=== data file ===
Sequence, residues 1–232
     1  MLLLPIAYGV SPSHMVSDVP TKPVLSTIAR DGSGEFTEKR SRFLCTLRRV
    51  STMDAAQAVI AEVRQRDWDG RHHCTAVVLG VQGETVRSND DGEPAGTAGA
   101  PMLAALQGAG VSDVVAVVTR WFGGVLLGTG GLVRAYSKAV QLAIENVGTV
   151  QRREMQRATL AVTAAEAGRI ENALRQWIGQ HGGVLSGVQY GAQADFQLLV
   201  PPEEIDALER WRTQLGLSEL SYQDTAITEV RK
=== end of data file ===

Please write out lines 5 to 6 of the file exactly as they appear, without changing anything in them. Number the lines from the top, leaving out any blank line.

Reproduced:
   151  QRREMQRATL AVTAAEAGRI ENALRQWIGQ HGGVLSGVQY GAQADFQLLV
   201  PPEEIDALER WRTQLGLSEL SYQDTAITEV RK